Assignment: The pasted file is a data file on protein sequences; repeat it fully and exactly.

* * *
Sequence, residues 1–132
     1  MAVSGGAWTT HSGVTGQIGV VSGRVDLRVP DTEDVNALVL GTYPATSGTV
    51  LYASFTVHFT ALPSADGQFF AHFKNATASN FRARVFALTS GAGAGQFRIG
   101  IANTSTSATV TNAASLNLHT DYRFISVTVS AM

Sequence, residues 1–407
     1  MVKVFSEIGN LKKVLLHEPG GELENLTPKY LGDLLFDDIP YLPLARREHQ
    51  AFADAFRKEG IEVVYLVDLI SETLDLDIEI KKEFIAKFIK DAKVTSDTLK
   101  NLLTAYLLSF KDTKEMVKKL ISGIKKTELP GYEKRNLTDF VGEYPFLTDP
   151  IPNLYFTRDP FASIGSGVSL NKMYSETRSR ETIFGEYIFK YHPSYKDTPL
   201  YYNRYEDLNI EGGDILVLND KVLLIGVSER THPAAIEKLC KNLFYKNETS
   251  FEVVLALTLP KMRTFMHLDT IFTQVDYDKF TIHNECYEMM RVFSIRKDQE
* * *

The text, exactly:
Sequence, residues 1–132
     1  MAVSGGAWTT HSGVTGQIGV VSGRVDLRVP DTEDVNALVL GTYPATSGTV
    51  LYASFTVHFT ALPSADGQFF AHFKNATASN FRARVFALTS GAGAGQFRIG
   101  IANTSTSATV TNAASLNLHT DYRFISVTVS AM

Sequence, residues 1–407
     1  MVKVFSEIGN LKKVLLHEPG GELENLTPKY LGDLLFDDIP YLPLARREHQ
    51  AFADAFRKEG IEVVYLVDLI SETLDLDIEI KKEFIAKFIK DAKVTSDTLK
   101  NLLTAYLLSF KDTKEMVKKL ISGIKKTELP GYEKRNLTDF VGEYPFLTDP
   151  IPNLYFTRDP FASIGSGVSL NKMYSETRSR ETIFGEYIFK YHPSYKDTPL
   201  YYNRYEDLNI EGGDILVLND KVLLIGVSER THPAAIEKLC KNLFYKNETS
   251  FEVVLALTLP KMRTFMHLDT IFTQVDYDKF TIHNECYEMM RVFSIRKDQE